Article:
By Dan Reardon

Not too many years ago PGA Tour Commissioner, Tim Finchem, tweaked the Tour schedule to put a significant event on the calendar every month, starting with the Masters and going through to the FedEx series.

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He moved The Players Championship from its March date, which often played opposite the NCAA Final Four, to its current calendar location in early May. This gave him, starting in April, the Masters, the Players, the U.S. Open, the Open and the PGA in consecutive months. (This year, because of the Olympics, the PGA and Open will both be staged in July.)

Finchem also had two WGC events in March — the Match Play Championship and Doral. All of these changes created long stretches, like January – February, when the Tour played without major media attention. Assessing the effect on the Tour’s overall profile is nearly impossible. But any success from the strategy has not been without consequences.

In the three weeks since England’s Danny Willett cashed in on Jordan Spieth’s misfortune on the Sunday par-3 12th at Augusta, the men’s tour has made stops in South Carolina, Texas and New Orleans. Two of those three events fielded first-time Tour winners, with Charley Hoffman in Texas the exception.

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In that same three-week interval, the top 10 players in the Official World Golf Rankings have combined for five starts out of possible 30 — four in the U.S. World number one, Jason Day, has been the ‘busiest’ of the group. Day had three good rounds at Harbour Town and a T23 finish. This last week, in the weather-shortened New Orleans event, he missed the playoff by two, finishing T5.

Six of the top 10 players have shut it down altogether since Augusta: Jordan Spieth, Rory McIlroy, Henrik Stenson, Adam Scott, Dustin Johnson and Willett. Bubba Watson actually broke his pattern with an eighth-place finish at an event in Europe. Rickie Fowler came off his “spring break” in the Bahamas with a T20 at New Orleans. And 10th-ranked Justin Rose managed only two rounds in the Crescent City, missing the cut.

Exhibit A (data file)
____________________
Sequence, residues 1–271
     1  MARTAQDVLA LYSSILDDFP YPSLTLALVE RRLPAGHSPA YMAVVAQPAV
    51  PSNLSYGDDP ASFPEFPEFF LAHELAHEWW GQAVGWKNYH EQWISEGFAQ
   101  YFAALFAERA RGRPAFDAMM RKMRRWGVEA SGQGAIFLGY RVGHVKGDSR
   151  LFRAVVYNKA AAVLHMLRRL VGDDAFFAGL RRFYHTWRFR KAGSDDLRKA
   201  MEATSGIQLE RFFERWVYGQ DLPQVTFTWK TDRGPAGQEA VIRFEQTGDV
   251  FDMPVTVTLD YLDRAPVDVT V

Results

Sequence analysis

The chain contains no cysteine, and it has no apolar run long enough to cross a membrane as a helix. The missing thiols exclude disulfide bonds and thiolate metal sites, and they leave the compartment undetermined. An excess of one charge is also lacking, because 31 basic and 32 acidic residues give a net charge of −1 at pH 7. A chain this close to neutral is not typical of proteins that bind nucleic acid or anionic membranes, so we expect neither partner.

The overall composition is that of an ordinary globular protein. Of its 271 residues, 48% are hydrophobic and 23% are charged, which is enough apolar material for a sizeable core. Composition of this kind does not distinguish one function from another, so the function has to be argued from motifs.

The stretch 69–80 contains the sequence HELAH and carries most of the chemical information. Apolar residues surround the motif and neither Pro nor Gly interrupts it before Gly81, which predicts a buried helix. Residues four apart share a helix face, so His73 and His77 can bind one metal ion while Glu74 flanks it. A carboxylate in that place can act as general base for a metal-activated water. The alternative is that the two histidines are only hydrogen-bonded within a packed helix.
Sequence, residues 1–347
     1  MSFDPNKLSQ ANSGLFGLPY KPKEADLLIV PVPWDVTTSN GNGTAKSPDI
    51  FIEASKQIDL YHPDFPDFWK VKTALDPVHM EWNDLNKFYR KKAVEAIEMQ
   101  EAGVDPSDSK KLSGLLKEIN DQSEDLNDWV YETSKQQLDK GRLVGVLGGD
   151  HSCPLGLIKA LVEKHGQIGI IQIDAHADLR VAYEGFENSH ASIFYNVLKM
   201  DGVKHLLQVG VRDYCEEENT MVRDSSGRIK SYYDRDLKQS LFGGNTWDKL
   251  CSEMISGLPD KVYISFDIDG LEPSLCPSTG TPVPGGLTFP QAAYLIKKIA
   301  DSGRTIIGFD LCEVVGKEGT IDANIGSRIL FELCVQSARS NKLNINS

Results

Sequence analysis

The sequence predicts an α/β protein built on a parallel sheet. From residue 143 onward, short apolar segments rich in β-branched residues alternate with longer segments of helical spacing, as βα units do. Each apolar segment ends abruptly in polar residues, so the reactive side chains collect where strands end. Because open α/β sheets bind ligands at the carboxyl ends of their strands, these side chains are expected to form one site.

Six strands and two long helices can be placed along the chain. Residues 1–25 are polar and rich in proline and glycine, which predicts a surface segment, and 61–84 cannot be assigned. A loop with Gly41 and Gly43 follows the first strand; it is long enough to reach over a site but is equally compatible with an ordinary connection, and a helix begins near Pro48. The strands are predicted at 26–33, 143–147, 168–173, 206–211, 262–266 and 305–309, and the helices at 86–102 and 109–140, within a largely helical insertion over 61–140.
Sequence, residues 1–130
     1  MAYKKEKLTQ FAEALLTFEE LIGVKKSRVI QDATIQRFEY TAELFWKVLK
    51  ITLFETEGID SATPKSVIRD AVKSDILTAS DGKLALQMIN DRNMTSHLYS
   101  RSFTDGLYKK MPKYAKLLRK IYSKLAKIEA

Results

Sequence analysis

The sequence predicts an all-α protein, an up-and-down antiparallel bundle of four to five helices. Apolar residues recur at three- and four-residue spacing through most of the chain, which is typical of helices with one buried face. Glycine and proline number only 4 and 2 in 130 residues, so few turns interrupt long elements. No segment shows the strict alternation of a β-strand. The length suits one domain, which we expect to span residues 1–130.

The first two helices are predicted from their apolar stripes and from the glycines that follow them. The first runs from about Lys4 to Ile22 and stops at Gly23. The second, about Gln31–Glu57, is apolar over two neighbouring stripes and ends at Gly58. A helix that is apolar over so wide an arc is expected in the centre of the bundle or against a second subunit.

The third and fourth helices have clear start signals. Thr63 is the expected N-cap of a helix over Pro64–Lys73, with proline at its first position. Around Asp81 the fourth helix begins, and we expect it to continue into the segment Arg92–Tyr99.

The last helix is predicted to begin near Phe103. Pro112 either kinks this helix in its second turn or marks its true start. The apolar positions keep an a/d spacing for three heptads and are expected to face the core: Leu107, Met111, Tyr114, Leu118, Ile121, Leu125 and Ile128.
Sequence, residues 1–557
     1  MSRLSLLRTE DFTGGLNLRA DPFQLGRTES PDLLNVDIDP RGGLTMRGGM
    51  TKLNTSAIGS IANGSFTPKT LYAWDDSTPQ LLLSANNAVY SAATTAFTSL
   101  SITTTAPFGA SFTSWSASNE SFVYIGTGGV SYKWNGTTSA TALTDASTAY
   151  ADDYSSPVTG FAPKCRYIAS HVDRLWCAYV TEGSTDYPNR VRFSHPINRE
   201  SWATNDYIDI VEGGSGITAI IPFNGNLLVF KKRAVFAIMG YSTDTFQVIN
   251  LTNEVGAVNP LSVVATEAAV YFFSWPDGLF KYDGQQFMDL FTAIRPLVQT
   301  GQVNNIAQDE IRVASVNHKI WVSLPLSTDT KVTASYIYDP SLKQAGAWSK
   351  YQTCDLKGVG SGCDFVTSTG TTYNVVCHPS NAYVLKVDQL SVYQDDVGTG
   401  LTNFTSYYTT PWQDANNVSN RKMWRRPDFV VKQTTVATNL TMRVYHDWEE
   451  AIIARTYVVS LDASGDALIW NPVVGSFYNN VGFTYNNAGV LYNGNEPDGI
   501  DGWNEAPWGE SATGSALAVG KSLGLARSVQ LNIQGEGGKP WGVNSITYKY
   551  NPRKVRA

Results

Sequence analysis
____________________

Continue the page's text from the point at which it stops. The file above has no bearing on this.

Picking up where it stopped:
This week at Wells Fargo six of the 10 are scheduled to appear, with McIlroy, Stenson, Scott and Johnson trying to shake off the rust before The Players the following week. McIlroy will attempt to repeat in Charlotte and win his third overall at Quail Hollow, scene of next year’s PGA Championship. Fowler returns to the venue where he posted his first PGA Tour win. Tour veteran Jim Furyk will tee it up for the first time in 2016; he has been out since last September with a wrist surgery.

Speculation had been high that Tiger Woods might also come off the disabled list, but the Woods cabal is non-committal on when we will see the 14-time major champion. We do know that he is signed up for the U.S. Open at Oakmont in mid-June.

During the glory days of the Tiger Woods era, some said there were two PGA Tours — the Tiger Tour, for the tournaments he played and the other Tour, for the tournaments he annually skipped. The new “monthly major” format may work well for Tour overall, but early in 2016 it appears to have created another split Tour. Headliners are scattered through the events that fall between the cracks of those high-profile weeks.

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Dan Reardon has covered golf for radio station KMOX in St. Louis for 32 years. In that time, he has covered more than 100 events, including majors and other PGA, LPGA and Champions Tour tournaments. During his broadcast career, Reardon conducted one-on-one interviews with three dozen members of the World Golf of Fame. He has contributed to many publications over the years and co-authored the book Golf’s Greatest Eighteen from Random House. Reardon served as Director of Media relations for LPGA events in both St. Louis and Chicago for 10 years.